It's an old question, but it keeps coming up here at GetReligion and in many other settings online, in journalism and in academia: What does the word "evangelical" mean?
Is this, as many young people insist (including lots of my students), just another name for white Republicans?
Is this a sociological term, describing a movement of people in a specific subset of conservative Protestantism, one best defined in terms of culture, zip codes and upbringing?
Is it simply a term that describes a specific marketing niche containing conservative Protestants who consume certain types of media, admire specific religious celebrities and support the same parachurch ministries?
Is this a term with precise doctrinal and historical content, one linked to specific confessions of the faith? If "evangelical" is a term with doctrinal content, who has the ecclesiastical power to define or alter that content?
People were arguing about this issue again, of course, In the wake of the media mini-storm surrounding evangelical activist Tony Campolo's long-awaited open embrace of gay marriage, as a doctrinal statement, as well as political policy. GetReligion readers will not be surprised to learn that this was the topic of my "On Religion" column this week for the Universal syndicate and also the topic of this week's "Crossroads" podcast. Click here to tune that in.
For many commentators it was much more significant that recently retired Christianity Today editor David Neff moved to the doctrinal left on gay marriage, in comparison to the rather predictable statement by Campolo. In my column I noted:
Campolo's shift was not shocking. He has, for decades, been one of the leaders most likely to appear in lists of self-avowed evangelicals backing Democratic presidents in fights with religious conservatives. The surprise was when his decision drew praise from David Neff, who from 1993 to 2012 was editor of Christianity Today, founded in 1956 by Graham and theologian Carl F.H. Henry.
In Facebook statements, Neff first said: "God bless Tony Campolo. He is acting in good faith and is, I think, on the right track." Later, he confirmed his doctrinal shift in an exchange with a Christianity Today writer: "I have come to read the relevant passages differently ... and have come along a similar path" as Campolo.
Christianity Today immediately responded with an editorial -- "Breaking News: 2 Billion Christians Believe in Traditional Marriage" -- by current editor Mark Galli.
The church, he argued, "remains overwhelmingly united" around a core theology "assumed or articulated by the great theologians and Christian philosophers in the Protestant, Orthodox, and Catholic traditions -- the most sophisticated recent effort being John Paul II's work on the theology of the body. ... It is not driven by an irrational prejudice of people living in the past, as the American zeitgeist assumes."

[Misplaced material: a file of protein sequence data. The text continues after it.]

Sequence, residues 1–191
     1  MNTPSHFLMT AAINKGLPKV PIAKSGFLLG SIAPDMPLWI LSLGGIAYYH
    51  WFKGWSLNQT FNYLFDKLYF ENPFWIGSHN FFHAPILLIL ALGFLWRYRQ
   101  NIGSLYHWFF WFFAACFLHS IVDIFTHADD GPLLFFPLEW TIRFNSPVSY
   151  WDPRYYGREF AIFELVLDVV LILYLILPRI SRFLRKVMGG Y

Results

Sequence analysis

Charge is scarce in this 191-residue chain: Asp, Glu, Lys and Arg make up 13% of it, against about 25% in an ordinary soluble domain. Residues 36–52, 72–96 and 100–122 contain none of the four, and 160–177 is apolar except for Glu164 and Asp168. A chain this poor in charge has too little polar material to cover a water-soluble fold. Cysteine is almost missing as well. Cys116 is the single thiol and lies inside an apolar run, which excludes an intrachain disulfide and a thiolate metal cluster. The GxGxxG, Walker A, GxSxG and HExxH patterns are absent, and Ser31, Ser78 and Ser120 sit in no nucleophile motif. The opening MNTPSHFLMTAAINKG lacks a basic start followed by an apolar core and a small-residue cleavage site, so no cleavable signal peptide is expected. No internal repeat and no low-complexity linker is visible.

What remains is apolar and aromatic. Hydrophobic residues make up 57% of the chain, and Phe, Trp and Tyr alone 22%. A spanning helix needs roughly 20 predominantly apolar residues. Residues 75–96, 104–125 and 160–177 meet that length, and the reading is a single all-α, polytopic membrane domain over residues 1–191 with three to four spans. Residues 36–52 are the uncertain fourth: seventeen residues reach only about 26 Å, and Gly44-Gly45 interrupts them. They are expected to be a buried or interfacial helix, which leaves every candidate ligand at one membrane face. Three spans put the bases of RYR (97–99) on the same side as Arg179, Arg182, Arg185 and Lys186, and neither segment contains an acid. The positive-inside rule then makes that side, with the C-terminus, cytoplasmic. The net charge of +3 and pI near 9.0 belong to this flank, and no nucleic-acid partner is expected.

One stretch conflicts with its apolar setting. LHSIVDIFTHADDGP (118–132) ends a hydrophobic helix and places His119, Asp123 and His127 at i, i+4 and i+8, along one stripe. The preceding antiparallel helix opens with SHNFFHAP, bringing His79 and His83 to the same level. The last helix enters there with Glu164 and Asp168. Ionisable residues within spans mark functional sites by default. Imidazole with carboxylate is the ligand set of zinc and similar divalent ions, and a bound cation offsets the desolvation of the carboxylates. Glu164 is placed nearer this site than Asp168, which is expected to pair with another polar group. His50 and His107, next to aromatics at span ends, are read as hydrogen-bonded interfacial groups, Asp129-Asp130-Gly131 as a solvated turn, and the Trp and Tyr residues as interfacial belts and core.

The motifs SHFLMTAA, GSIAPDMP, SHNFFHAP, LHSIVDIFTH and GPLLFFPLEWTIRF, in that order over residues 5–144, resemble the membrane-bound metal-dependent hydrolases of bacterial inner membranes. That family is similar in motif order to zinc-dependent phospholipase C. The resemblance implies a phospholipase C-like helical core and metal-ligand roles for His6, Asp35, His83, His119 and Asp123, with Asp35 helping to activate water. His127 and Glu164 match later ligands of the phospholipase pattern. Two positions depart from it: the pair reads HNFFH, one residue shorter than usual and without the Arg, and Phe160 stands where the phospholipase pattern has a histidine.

Notice that, in a debate inside evangelicalism, Galli elected to refer to both Eastern Orthodoxy and Roman Catholicism -- traditions with articulated, creedal approaches to doctrine -- to strengthen his argument. This is crucial and another sign that there is no one "evangelicalism" in our world today.
This, of course, reminded me of my 1987 interview with the Rev. Billy Graham when I asked him to weigh in on this question. Here is a flashback:
Ask Americans to rank the world's most influential evangelicals and the Rev. Billy Graham will lead the list.
So you might assume that the world's most famous evangelist has an easy answer for this tricky political question: "What does the word 'evangelical' mean?" If you assumed this, you would be wrong. In fact, Graham once bounced that question right back at me.
"Actually, that's a question I'd like to ask somebody, too," he said, during a 1987 interview in his mountainside home office in Montreat, N.C. This oft-abused term has "become blurred. ... You go all the way from the extreme fundamentalists to the extreme liberals and, somewhere in between, there are the evangelicals."
Wait a minute, I said. If Billy Graham doesn't know what "evangelical" means, then who does? Graham agreed that this is a problem for journalists and historians. One man's "evangelical" is another's "fundamentalist."
I pressed Graham on this and he said that the term must be given doctrinal content, if it is to have any meaning. OK, I said, how does that work?
Graham ... finally defined an "evangelical" as someone who believes all the doctrines in the ancient Nicene Creed. Graham stressed the centrality of the resurrection and the belief that salvation is through Jesus, alone.
"I think there are evangelicals in the Roman Catholic Church, and the Eastern Orthodox churches," he said.
However, Campolo also took a similar approach, in his online essay in which he defended his evolving views on sex and marriage, and specifically linked himself to an ancient set of doctrines.
As a young man I surrendered my life to Jesus and trusted in Him for my salvation, and I have been a staunch evangelical ever since. I rely on the doctrines of the Apostles Creed. I believe the Bible to have been written by men inspired and guided by the Holy Spirit.
So what is Campolo's status? What does the word "evangelical" mean, when it comes to doctrinal issues of marriage, sex and family life? Will there be more "evangelicals" who join this emerging doctrinal left wing of the movement?